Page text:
US Army Finds Traumatic Brain Injuries May Be Helped by Progesterone

January 16, 2010


It’s a common misconception that it is only women who produce progesterone, though certainly men have far less of it, it is needed for many processes in the body. This naturally occurring hormone can protect damaged cells in the central and peripheral nervous systems and new research done at Emory University in Atlanta, Georgia, is recommending that progesterone is a viable treatment option for traumatic brain injuries.

This research has emerged because of the increase seen in traumatic brain injury among combat casualties in Iraq and Afghanistan. It is estimated that as many as 30 percent of wounded soldiers have suffered such injury and it has stimulated government interest in developing a safe and effective treatment for this complex disorder.

It seems there is growing evidence to indicate that administering progesterone after such injuries can have beneficial effects, including substantial and sustained improvements in brain function. This applies equally to men and women, as progesterone can cross the blood-brain barrier and reduce the level of swelling after a brain injury, it also significantly reduces the area of necrotic cell death and improves behavioural outcomes.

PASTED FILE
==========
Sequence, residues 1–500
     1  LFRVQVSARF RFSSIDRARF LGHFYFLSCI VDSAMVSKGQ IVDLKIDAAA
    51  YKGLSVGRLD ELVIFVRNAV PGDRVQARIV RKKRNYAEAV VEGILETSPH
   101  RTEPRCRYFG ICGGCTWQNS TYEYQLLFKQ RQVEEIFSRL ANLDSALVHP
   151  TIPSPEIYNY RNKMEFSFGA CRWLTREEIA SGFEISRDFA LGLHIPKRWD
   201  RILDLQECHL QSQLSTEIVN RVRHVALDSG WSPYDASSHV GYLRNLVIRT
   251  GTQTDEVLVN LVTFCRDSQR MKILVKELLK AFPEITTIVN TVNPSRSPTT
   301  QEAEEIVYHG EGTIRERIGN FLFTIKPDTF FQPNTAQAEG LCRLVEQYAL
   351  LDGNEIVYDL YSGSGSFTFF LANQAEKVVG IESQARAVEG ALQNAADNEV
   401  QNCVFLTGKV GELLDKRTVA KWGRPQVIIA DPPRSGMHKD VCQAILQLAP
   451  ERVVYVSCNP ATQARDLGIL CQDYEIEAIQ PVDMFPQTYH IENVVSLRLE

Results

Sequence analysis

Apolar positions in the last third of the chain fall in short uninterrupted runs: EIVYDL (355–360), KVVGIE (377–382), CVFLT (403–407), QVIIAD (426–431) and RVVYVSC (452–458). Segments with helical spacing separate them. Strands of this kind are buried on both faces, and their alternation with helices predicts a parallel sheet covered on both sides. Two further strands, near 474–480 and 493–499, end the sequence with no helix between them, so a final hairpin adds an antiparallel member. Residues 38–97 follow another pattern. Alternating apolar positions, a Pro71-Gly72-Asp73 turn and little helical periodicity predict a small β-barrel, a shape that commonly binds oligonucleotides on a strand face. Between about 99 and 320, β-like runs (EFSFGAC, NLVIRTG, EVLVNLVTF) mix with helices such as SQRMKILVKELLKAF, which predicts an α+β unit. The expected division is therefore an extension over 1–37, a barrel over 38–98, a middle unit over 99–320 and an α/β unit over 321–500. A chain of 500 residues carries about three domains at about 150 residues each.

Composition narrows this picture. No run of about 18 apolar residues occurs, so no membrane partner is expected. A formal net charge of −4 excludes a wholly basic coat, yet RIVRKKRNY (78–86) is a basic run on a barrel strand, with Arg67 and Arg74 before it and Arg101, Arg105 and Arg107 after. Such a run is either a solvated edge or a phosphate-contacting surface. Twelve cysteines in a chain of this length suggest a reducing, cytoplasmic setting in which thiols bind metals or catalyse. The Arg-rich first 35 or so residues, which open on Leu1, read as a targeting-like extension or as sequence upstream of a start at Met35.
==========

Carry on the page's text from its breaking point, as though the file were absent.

Natural progesterone was recently tested in two clinical trials for traumatic brain injury and will begin a phase 3 trial soon. The researchers concluded that given its relatively high safety profile, ease of administration, low cost and ready availability, then progesterone should be considered a viable treatment option, particularly as there is little other treatment available to brain injury patients.


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